On Sept. 16 my review of “That’s Debatable,” a student-run talk show, ran in the Famuan. Quite frankly, the responding e-mails I received were hilarious. I was told that my REVIEW of the show was overly opinionated.
One respondent said I should have praised the host who was, and I quote, “sexy as hell.” While I’m sure the host would appreciate hearing someone thinks he’s sexy, I doubt that anyone else cares.
Another reader sarcastically thanked me for “clearly setting the standard for FAMU students by downing the most positive endeavor [she has] seen on this campus in years.”
Fortunately, I do not have enough power to set any standards for the entire student body and it is a lazy assumption to think our peers are going to be that influenced by my little review.
That same concerned reader said, “I guarantee if it was one of the many campus organizations like Mahogany or Epicurean, a group of students who still hold on to the crack-pipe dream of being models, a four-star report would have been written about another one of their shows.”
“You blatantly showed by your article if it involves BET, fashion, or dancing, black people can expound, but anything to do with news is taboo to us.”
It’s interesting that such a broad statement can be drawn from a 300-word article that frankly had nothing to do with any of the aforementioned subjects. Also, if I went to a dance or modeling show that sucked, I would say it sucked. But no, that was not what I thought, nor what I said, about “That’s Debatable.” I actually said it has potential, people were interested and I respect the show’s creators for trying to make a positive contribution to student life.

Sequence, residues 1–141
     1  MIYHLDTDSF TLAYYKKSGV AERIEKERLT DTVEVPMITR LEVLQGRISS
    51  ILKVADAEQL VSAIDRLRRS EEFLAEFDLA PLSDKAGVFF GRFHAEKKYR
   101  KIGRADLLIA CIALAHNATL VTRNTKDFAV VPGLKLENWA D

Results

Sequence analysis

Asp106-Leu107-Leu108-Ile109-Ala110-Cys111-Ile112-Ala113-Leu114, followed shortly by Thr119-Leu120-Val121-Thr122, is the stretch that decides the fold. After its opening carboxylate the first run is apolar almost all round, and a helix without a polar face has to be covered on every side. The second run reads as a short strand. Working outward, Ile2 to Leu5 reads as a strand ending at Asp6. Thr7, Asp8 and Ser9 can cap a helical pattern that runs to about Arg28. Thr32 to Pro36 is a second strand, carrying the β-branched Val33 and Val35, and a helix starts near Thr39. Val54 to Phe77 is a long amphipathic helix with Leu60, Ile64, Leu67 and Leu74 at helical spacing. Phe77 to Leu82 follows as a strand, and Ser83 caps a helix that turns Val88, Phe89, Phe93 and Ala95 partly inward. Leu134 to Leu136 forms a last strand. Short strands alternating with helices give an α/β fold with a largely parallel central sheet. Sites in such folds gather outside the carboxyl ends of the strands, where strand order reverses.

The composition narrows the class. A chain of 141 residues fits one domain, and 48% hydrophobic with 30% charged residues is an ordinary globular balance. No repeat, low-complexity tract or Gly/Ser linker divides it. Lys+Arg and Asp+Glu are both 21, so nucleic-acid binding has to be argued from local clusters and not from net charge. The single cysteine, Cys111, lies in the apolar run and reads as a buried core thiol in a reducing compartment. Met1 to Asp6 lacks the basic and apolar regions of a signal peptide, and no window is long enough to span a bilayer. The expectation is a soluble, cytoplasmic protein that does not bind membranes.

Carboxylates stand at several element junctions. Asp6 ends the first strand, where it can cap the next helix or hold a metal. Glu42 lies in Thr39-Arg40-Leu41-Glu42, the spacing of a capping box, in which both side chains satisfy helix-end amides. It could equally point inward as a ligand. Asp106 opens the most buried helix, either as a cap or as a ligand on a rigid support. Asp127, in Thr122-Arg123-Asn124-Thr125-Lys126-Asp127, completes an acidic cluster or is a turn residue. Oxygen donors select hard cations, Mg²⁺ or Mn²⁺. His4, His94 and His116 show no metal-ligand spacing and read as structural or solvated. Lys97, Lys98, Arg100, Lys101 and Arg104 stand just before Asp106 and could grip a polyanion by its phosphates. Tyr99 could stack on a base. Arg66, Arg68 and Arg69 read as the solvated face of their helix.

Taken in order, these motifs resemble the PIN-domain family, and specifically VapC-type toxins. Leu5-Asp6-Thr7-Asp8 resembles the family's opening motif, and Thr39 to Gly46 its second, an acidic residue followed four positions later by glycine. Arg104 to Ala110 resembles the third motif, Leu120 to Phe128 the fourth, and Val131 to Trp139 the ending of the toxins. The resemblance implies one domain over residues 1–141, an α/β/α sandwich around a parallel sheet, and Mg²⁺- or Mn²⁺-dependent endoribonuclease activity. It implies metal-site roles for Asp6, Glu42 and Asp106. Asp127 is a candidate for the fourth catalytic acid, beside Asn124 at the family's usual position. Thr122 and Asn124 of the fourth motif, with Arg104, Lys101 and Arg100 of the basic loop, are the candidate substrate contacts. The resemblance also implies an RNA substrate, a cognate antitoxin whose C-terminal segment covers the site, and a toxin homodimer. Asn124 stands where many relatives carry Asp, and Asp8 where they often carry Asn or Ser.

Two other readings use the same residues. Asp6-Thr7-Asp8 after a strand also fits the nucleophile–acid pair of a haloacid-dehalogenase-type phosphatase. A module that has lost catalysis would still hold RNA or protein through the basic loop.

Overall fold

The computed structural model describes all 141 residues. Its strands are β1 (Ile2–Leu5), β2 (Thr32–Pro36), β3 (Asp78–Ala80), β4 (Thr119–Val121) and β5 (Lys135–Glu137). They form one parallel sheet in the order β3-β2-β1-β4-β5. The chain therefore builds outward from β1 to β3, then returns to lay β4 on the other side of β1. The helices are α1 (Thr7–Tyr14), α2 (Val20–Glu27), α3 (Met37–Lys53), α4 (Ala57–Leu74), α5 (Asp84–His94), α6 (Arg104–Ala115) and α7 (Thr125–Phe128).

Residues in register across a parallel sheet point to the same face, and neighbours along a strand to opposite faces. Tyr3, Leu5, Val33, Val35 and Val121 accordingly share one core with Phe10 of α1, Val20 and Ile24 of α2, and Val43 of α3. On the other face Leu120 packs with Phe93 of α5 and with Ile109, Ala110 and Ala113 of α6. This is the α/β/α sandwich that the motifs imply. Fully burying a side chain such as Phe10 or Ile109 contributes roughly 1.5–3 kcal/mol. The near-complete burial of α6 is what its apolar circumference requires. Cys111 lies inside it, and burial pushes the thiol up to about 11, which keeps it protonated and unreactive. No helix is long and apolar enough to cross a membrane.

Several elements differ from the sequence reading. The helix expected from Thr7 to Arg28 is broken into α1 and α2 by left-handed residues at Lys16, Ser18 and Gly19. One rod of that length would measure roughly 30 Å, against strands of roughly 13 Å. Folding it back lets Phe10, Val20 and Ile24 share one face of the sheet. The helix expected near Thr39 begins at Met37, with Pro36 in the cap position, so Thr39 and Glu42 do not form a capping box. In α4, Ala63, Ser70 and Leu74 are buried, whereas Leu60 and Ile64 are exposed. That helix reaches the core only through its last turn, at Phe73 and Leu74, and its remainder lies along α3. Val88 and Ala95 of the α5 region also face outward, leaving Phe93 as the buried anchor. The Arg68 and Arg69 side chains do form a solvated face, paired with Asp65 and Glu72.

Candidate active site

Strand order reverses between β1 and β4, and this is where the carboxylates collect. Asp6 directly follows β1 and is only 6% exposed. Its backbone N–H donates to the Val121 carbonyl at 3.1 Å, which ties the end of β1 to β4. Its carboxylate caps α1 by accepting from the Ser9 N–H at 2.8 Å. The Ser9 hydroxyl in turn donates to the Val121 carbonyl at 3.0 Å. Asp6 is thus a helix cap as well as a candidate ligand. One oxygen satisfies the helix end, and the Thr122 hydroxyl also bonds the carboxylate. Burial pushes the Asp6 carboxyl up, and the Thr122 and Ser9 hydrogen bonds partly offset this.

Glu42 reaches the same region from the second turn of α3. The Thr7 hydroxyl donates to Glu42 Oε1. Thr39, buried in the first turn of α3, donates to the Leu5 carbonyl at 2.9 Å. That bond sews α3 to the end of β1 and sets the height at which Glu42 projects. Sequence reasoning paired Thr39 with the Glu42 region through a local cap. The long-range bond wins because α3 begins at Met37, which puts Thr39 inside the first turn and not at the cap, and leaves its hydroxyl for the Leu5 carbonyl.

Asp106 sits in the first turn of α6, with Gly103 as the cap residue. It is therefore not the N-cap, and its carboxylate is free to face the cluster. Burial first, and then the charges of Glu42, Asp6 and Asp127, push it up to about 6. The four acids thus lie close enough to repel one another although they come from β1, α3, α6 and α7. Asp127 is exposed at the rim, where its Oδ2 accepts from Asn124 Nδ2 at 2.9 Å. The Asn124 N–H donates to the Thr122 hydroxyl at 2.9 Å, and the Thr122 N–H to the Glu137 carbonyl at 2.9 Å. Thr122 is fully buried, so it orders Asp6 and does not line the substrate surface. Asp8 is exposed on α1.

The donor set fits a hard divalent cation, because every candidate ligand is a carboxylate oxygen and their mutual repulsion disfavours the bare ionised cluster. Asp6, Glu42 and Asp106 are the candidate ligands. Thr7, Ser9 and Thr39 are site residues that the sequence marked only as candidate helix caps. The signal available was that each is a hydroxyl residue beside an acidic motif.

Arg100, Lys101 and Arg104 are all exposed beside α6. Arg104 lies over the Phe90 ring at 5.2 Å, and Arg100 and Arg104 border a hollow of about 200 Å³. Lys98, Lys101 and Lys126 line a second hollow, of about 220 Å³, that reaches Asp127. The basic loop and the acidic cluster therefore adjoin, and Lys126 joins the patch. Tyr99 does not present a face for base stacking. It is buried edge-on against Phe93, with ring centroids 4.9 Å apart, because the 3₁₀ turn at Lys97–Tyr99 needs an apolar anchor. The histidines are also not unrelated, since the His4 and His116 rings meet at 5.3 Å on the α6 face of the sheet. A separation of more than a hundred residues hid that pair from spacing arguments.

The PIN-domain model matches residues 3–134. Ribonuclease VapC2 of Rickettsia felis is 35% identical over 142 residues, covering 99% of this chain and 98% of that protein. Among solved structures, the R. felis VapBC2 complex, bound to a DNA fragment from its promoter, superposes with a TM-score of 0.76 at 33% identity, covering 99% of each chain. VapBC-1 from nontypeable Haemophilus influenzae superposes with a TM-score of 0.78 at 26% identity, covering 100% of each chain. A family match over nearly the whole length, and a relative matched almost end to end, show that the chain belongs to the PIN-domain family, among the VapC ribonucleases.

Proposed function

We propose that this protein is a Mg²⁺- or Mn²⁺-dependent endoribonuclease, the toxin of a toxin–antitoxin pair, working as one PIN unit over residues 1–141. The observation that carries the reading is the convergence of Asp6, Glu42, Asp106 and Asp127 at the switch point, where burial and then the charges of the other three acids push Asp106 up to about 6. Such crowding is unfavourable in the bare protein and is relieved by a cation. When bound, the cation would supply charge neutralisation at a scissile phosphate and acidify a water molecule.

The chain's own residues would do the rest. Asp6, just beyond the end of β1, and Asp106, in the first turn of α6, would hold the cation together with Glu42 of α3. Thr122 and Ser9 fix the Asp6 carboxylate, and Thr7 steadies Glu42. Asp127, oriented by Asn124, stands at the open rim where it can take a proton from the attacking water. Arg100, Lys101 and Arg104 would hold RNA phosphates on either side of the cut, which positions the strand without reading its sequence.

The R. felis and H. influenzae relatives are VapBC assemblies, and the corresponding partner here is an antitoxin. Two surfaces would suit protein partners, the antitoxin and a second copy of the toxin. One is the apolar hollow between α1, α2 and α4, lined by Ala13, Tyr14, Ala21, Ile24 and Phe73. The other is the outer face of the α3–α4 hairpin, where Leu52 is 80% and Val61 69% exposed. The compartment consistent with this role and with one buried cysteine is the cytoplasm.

On another note. . . some people fail to realize the Famuan is an educational paper. We have made mistakes and guess what, we will continue to make them.
It is unnecessary to go through the paper with a fine-tooth comb looking for our errors. It’s a little anal to e-mail editors about things like article word counts.
Homelessness is something to comment on. The lack of resources in the universities science department is something to comment on. Word count and minute typos are not something to email about nor is the fact that a writer did not delve into a talk show host’s physical attributes.
Here are some tips: 1. Read stories carefully and don’t create things in your mind that aren’t there and don’t ignore what is 2. If you don’t like something you read in the paper write a letter to the editor. If you do write an email and you want it to be anonymous, make sure your name does not appear in quotations next to your address. 4. If you take the time to email please have something of substance to say.
Kristin McDonald, 21, is a senior newspaper journalism student from Columbia, MD. She serves as the assistant lifestyles editor. She can be reached at email@example.com.